Some countries have trade surpluses in physical goods and others in immaterial services. Trade therefore results in a net transfer of materials from one region to another as seen, for example, in trade patterns between China and the United States. The United States imports many goods from China but does not export nearly as many finished goods in return. However, nearly 3,700 containers of recyclables per day are exported to China; in 2016, such exports amounted to 16.2 million tons of scrap metal, paper and plastics worth $5.2 billion.11
Cradle to Cradle
Closed Supply Chains
From Input to the European Commission from European EPAs about monitoring progress of the transition towards a circular economy in the European Union
Public traded companies are always under pressure to show earnings growth and sales revenue growth to enhance shareholder value.
How do they do it when markets have matured and economy has slowed?
Increase Market Share
How do then companies lower their costs?
Vertical Mergers and Acquisitions
Outsourcing (Sourcing parts and components / Intermediate Goods / Inputs from cross border)
Offshoring (Shifting Production cross border)
How do then companies increase their market share?
Horizontal Mergers and Acquisitions
Cross Border Markets Share (Sales in other countries)
In the last thirty years, this is exactly what has happened in US economy.
Macro Trends of increase in Outsourcing/Offshoring, Increase in Market Concentration, Oncrease in Inequality, Increase in Corporate Profits, Rising Equity Prices, Slower Productivity Growth, Lower Interest Rates, Low Labor Share, and Capital Share.
Please see my other posts expanding on these issues.
Please note that these forces are continuing and trends will remain on current trajectory.
Stakeholder vs Shareholder Capitalism
Slow Productivity Growth
Rising Market Concentration
Rising Equities Market
Dupont Ratio Analysis
Financial Planning (Micro – Firm Level)
Economic Planning (Macro- Aggregate Level)
From SHAREHOLDER CAPITALISM: A SYSTEM IN CRISIS
Our current, highly financialised, form of shareholder capitalism is not just failing to provide new capital for investment, it is actively undermining the ability of listed companies to reinvest their own profits. The stock market has become a vehicle for extracting value from companies, not for injecting it.
No wonder that Andy Haldane, Chief Economist of the Bank of England, recently suggested that shareholder capitalism is ‘eating itself.’1 Corporate governance has become dominated by the need to maximise short-term shareholder returns. At the same time, financial markets have grown more complex, highly intermediated, and similarly shorttermist, with shares increasingly seen as paper assets to be traded rather than long term investments in sound businesses.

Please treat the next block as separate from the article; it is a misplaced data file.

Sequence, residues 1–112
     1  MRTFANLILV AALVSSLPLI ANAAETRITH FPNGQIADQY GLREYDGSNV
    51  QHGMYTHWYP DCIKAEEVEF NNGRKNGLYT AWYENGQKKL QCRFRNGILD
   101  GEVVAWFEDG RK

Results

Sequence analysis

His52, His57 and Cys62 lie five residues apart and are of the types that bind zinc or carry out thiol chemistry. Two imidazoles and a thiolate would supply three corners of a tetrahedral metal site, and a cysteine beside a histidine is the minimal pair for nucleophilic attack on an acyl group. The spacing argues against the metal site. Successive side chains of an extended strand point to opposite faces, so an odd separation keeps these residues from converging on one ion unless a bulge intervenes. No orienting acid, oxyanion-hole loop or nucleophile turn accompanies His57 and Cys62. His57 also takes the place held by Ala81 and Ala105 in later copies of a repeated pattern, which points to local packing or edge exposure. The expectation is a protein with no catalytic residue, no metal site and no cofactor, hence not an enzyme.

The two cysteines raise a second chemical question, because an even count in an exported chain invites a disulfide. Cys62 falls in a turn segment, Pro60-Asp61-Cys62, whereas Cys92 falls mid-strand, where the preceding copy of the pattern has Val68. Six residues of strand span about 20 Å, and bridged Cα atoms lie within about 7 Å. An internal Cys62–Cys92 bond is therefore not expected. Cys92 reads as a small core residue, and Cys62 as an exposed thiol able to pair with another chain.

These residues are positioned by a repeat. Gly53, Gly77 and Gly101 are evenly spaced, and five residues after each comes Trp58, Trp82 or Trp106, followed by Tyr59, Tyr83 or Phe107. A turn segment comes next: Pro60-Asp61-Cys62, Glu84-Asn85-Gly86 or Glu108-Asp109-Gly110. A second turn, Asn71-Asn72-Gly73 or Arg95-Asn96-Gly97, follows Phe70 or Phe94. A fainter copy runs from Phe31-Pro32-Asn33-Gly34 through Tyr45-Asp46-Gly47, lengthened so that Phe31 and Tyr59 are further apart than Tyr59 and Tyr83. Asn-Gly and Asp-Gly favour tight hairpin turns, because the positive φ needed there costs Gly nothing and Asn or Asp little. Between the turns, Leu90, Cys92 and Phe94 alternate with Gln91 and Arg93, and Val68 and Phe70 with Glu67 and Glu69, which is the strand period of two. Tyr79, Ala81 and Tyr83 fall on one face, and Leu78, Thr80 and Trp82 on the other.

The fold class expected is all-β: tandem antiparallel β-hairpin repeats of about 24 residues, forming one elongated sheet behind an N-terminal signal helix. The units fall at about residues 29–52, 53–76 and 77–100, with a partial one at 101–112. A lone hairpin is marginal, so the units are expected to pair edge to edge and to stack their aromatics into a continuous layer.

This kind of trading is a zero-sum game with no new wealth, let alone social value, created. For one person to win, another must lose – and increasingly, the only real winners appear to be the army of financial intermediaries who control and perpetuate the merry-goround. There is nothing natural or inevitable about the shareholder-owned corporation as it currently exists. Like all economic institutions, it is a product of political and economic choices which can and should be remade if they no longer serve our economy, society, or environment.
Here’s the impact this shareholder model is currently having:
• Economy: Shareholder capitalism is holding back productive investment. Even the Chief Executive of BlackRock, the world’s largest asset manager, has admitted that pressure to keep the share price high means corporate leaders are ‘underinvesting in innovation, skilled workforces or essential capital expenditures.’ 2
• Society: Shareholder capitalism is driving inequality. There is growing evidence that attempts to align executive pay with shareholder value are largely responsible for the ballooning of salaries at the top. The prioritisation of shareholder interests has also contributed to a dramatic decline in UK wages relative to profits, helping to explain the failure of ordinary people’s living standards to rise in line with economic growth.
• Environment: Shareholder capitalism helps to drive environmental destruction. It does this by driving risky shortterm behaviour, such as fossil fuel extraction, which ignores long-term environmental risks.
The idea that shareholder capitalism is the most efficient way to mobilise large amounts of capital is no longer tenable.
We need both to create new models of companies, and implement new ways of organising investment that are fit for building an inclusive, equal, and sustainable economy.
Companies should be explicitly accountable to a mission and a set of interests beyond shareholder returns. Equally, investment must provide long-term capital for socially and environmentally useful projects, and damaging forms of speculation must be restricted.
For most people, our economy simply is not working, and the damaging aspects of shareholder capitalism are at least in part responsible. Reforming shareholder capitalism must not be dismissed as too difficult – the crisis is too urgent for that. We can take the first steps towards a better economic model right now. It’s time to act.
A Crash Course in Dupont Financial Ratio Analysis
What happens when economic growth slows ?
What happens when profit margins decline ?
What happens when Sales growth is limited ?
What does lead to Mergers and Acquisitions ?
What is the impact of Cost of Capital ?
What is EVA (Economic Value Added) ?
What is impact of Outsourcing/Offshoring on Financial Ratios ?
What is impact of Mergers and Acquisitions on Financial Ratios ?
What is impact of Stock Buy Backs on Financial Ratios ?
What is impact of Dividends on Financial Ratios ?